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dencorso

How to avoid being "upgraded to Win 10" against your will:

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Well, I was smart enough not to buy into Vista on the very day it was released.

 

Which nicely hints at the importance of THIS conversation.

 

-Noel

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I'm working on a Windows 7 SP1 x86 image and found it has KB3035583 and KB2990214 in it when looking at installed updates. When I mount the image and /GET-PACKAGES, only the KB3035583 on shows up. Is KB2990214 contained inside another update?

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KB2952664

"Compatibility update for upgrading Windows 7"

This update helps Microsoft make improvements to the current operating system in order to ease the upgrade experience to the latest version of Windows.

 

KB2990214

This is the Windows 10 Technical Preview itself !!!

 

KB3021917

"Update to Windows 7 SP1 for performance improvements"

This update performs diagnostics in Windows 7 Service Pack 1 (SP1) in order to determine whether performance issues may be encountered when the latest Windows operating system is installed. Telemetry is sent back to Microsoft for those computers that participate in the Windows Customer Experience Improvement Program (CEIP). This update will help Microsoft and its partners deliver better system performance for customers who are seeking to install the latest Windows operating system.

KB3035583

"Update enables additional capabilities for Windows Update notifications in Windows 8.1 and Windows 7 SP1"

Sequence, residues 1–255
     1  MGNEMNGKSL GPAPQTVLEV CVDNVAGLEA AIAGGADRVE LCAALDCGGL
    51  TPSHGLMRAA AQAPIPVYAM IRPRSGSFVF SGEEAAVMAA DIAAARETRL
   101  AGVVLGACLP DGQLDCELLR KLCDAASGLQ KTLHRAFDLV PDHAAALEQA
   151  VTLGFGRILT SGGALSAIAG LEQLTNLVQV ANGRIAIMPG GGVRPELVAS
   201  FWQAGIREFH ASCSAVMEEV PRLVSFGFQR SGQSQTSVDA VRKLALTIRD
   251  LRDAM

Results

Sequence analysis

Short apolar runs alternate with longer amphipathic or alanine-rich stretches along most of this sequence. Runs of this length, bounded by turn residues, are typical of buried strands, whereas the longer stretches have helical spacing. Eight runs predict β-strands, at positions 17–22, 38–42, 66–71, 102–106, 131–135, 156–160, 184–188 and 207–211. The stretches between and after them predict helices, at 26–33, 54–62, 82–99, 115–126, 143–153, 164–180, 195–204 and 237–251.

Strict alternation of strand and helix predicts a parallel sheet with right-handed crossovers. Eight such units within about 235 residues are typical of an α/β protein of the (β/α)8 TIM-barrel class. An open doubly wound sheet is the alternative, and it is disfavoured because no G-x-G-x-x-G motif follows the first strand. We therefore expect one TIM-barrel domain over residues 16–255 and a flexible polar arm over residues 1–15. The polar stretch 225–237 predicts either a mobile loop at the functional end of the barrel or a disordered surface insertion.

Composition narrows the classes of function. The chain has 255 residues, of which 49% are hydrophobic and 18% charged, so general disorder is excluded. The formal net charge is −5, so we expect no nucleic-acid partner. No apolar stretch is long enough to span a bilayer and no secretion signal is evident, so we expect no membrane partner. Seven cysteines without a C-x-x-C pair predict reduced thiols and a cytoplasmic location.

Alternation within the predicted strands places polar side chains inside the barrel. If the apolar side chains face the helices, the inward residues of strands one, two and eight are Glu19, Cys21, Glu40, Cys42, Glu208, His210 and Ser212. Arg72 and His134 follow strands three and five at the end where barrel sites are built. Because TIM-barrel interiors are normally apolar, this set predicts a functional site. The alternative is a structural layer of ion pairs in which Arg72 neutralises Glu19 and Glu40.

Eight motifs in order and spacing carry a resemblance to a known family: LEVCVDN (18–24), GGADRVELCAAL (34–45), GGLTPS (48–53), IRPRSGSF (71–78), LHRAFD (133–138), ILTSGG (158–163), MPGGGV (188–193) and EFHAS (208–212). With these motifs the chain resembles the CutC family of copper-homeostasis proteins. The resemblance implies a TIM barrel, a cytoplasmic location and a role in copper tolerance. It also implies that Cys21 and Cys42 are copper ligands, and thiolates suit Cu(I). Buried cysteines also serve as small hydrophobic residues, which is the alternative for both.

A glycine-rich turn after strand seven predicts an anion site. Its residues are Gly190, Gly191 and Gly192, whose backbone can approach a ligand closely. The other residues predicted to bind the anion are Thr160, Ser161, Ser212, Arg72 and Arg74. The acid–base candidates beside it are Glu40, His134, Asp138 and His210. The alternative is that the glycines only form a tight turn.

This update enables additional capabilities for Windows Update notifications when new updates are available to the user. It applies to a computer that is running Windows 8.1 or Windows 7 Service Pack 1 (SP1). Before you install this update, check out the Prerequisites section.

 

KB2990214 is the actual Windows 10 TP... It may not behave as a normal Hotfix/Update. BTW, maybe KB2952664 and KB3021917 are lurking there, somewhere, too.

Since you have the image, and it's just a matter of redeploying it, in case things go wrong, do please try to remove those KBs, so that we find out how "removable" they really are (if at all...).

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It isn't. KB2990214 is an update to the Windows Update Client. It is a pre-requisite (for now) in order to be able to "update" to Windows 10 when it becomes available.

From my understanding (so far) is that KB3035583 is the program that will show the notifications that Windows 10 is available. KB2990214 makes it possible to install it from Windows Update. It also may be that KB2990214 is required for it to show up in the update list? We'll see I guess.

PS: KB3035583 was able to be removed with DISM. Since the other one did not show up, I did not know what/how to remove it.

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Download and extract it... let's see what's it got inside: KB2990214 ...

And thanks for the correction!  :thumbup   I've updated the 1st post accordingly. :yes:

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I find it a bit disconcerting to think how Microsoft might build in a requirement that all these updates be present.  Nothing says they have to make future Windows Updates for Win 7, 8.1 work properly without having installed these.  Most - but not all - are optional at this point and Microsoft has already advised against hiding the important one.  That one (KB2990214 for Win 7 and KB3044374 for Win 8.1) could lead to a potential catch-22:

 

A.  Hide it and have the Windows Update process stop working properly.

 

B.  Keep it and one day boot up the computer to Windows 10.

 

More info on that in the link Jorge posted before...  http://blogs.technet.com/b/joscon/archive/2015/04/14/windows-servicing-releases-april-14-2015.aspx

 

-Noel

Edited by NoelC